(redirected from inlander)
Also found in: Dictionary, Thesaurus, Encyclopedia, Wikipedia.

INLAND. Within the same country.
     2. It seems not to be agreed whether the term inland applies to all the United States or only to one state. It has been holden in Now York that a bill of exchange by one person in one state, on another person in another, is an inland bill of exchange; 5 John. Rep. 375; but a contrary opinion seems to have been held in the circuit court of the United States for Pennsylvania. Whart. Dig. tit. Bills of Exchange, E, pl. 78. Vide 2 Phil. Ev. 36, and Bills of Exchange.

A Law Dictionary, Adapted to the Constitution and Laws of the United States. By John Bouvier. Published 1856.
References in periodicals archive ?
Men's Health for Dummies (Inlander & The People's Medical Society, 1999) offers a similar understanding in a box with the words "How your body builds an erection": You know how an erection feels, but do you know the mechanics of an erection?
"The primary care physician has essentially become obsolete," said Inlander, whose group is the largest consumer health advocacy organization in the United States.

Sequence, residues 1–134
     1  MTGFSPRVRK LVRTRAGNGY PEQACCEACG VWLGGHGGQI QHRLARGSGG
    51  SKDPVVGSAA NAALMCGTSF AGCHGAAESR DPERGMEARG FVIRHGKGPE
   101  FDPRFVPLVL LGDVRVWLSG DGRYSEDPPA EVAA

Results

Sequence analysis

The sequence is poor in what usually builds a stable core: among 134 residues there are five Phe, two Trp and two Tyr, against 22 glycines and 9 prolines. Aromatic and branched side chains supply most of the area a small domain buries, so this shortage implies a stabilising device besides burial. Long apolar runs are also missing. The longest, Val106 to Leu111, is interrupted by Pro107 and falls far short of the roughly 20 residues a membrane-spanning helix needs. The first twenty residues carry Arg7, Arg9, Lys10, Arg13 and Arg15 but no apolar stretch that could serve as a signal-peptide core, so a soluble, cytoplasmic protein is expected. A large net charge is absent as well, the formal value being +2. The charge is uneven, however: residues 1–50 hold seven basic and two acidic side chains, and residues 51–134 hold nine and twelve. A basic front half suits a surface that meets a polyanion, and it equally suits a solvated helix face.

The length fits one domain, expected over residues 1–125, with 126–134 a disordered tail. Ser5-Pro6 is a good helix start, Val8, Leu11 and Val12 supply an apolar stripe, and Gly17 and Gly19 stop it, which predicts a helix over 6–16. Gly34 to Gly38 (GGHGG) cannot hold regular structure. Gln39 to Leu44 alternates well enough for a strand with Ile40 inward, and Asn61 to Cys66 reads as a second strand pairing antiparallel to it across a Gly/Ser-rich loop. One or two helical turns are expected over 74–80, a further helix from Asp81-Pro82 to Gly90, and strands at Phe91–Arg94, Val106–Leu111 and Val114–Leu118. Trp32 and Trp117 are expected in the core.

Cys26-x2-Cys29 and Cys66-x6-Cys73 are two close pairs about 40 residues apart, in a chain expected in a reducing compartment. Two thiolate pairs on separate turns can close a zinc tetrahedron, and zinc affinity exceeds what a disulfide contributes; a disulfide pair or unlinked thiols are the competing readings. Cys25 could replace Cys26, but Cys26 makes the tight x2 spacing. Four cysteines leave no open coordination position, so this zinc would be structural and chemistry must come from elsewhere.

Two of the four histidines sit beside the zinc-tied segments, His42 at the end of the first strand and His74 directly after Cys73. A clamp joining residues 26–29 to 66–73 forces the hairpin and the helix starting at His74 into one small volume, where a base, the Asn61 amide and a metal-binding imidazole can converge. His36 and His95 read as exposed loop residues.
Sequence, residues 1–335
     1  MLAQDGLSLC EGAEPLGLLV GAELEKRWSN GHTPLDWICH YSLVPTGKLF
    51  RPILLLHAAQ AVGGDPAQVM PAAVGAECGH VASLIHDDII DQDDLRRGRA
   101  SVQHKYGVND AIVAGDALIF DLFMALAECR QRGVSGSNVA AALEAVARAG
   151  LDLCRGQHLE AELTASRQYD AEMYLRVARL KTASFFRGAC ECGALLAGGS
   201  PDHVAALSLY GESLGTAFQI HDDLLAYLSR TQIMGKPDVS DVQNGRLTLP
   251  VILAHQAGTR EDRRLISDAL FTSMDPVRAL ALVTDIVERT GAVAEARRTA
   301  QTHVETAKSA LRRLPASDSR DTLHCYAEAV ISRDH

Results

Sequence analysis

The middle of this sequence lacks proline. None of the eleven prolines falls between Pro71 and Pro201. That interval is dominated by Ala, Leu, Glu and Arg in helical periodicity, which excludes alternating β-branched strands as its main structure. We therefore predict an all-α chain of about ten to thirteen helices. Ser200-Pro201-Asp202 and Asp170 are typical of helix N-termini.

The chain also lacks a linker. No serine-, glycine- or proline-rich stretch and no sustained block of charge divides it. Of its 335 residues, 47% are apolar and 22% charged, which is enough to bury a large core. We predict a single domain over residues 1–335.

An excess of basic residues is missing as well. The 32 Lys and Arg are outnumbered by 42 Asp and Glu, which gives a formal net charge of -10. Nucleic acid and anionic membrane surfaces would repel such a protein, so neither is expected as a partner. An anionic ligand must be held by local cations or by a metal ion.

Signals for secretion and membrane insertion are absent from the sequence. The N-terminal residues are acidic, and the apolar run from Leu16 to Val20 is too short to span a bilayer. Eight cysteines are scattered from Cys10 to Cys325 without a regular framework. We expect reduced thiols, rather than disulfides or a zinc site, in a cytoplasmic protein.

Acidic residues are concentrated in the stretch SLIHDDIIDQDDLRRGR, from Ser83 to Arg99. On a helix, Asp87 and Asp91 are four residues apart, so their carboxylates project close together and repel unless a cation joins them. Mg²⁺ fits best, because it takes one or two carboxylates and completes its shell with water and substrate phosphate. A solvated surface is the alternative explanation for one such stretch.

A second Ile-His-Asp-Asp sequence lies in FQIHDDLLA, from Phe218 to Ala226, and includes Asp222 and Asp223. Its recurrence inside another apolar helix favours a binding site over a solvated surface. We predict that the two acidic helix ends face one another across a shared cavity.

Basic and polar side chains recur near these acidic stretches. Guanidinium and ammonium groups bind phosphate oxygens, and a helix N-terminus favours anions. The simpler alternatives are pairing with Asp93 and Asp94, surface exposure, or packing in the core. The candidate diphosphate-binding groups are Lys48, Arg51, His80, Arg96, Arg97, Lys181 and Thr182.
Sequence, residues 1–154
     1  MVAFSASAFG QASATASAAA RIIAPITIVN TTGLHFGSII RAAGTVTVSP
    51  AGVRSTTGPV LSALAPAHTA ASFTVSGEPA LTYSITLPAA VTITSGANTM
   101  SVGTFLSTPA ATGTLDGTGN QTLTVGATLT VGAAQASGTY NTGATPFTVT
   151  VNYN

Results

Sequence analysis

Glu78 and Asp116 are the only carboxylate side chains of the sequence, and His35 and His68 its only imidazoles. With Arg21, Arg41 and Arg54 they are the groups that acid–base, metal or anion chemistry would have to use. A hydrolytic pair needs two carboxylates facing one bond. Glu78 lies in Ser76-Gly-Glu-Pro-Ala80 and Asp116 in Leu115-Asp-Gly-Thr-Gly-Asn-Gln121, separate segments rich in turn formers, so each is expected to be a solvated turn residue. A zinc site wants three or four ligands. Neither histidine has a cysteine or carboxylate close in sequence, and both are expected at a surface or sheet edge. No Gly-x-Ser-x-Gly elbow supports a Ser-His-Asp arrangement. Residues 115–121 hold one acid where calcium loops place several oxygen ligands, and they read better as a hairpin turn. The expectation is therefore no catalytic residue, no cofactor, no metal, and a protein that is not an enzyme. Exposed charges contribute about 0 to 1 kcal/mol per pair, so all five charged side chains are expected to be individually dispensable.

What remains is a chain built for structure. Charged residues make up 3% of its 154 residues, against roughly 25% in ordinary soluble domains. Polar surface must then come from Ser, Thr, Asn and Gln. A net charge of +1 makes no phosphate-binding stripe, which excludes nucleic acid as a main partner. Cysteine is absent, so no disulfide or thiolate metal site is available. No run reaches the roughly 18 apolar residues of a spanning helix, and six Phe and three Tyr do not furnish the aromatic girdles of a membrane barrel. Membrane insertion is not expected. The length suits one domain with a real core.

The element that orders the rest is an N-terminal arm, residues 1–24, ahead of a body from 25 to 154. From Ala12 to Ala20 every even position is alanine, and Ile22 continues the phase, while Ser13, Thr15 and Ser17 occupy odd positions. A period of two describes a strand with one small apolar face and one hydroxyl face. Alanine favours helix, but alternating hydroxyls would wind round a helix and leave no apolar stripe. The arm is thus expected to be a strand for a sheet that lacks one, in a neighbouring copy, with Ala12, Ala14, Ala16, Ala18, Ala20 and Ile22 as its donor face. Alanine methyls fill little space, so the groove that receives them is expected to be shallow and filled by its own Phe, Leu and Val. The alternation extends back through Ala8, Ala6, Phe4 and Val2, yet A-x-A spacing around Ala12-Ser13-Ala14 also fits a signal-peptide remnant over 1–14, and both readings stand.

Inlander noted that although prescription drugs represent about 90% of the treatment patients receive when they visit doctors, physicians typically spend no time talking about it.
Inlander and Weiner write that knowing where malpractice occurs most often can help patients be alert.
Charles Inlander is president of the Peoples' Medical Society in Allentown, PA.
Now, perhaps medical and allied health professionals will be ready to pay attention to a newly emerging brand of consumerism (Inlander, 1991).
Charles Inlander, president of the People's Medical Society, says that impairment is the number one reason doctors are dangerous.
Inlander and Ed Weiner, Rodale Press Inc., Emmaus, Pa.
Hysterectomies, dilation and curettage and caesarean section are the most over-performed procedures," according to Charles Inlander's book, Medicine on Trial.
"It sounds like a lot, but it really isn't if you suffer a major catastrophic illness," observes Charles Inlander, president of the Allentown, Penn.-based People's Medical Society.
"Wyden originally wanted it to be open," says Charles Inlander, president of the Allentown, Pennsylvania-based People's Medical Society.
Says its president, Charles Inlander, "It's a terrific idea.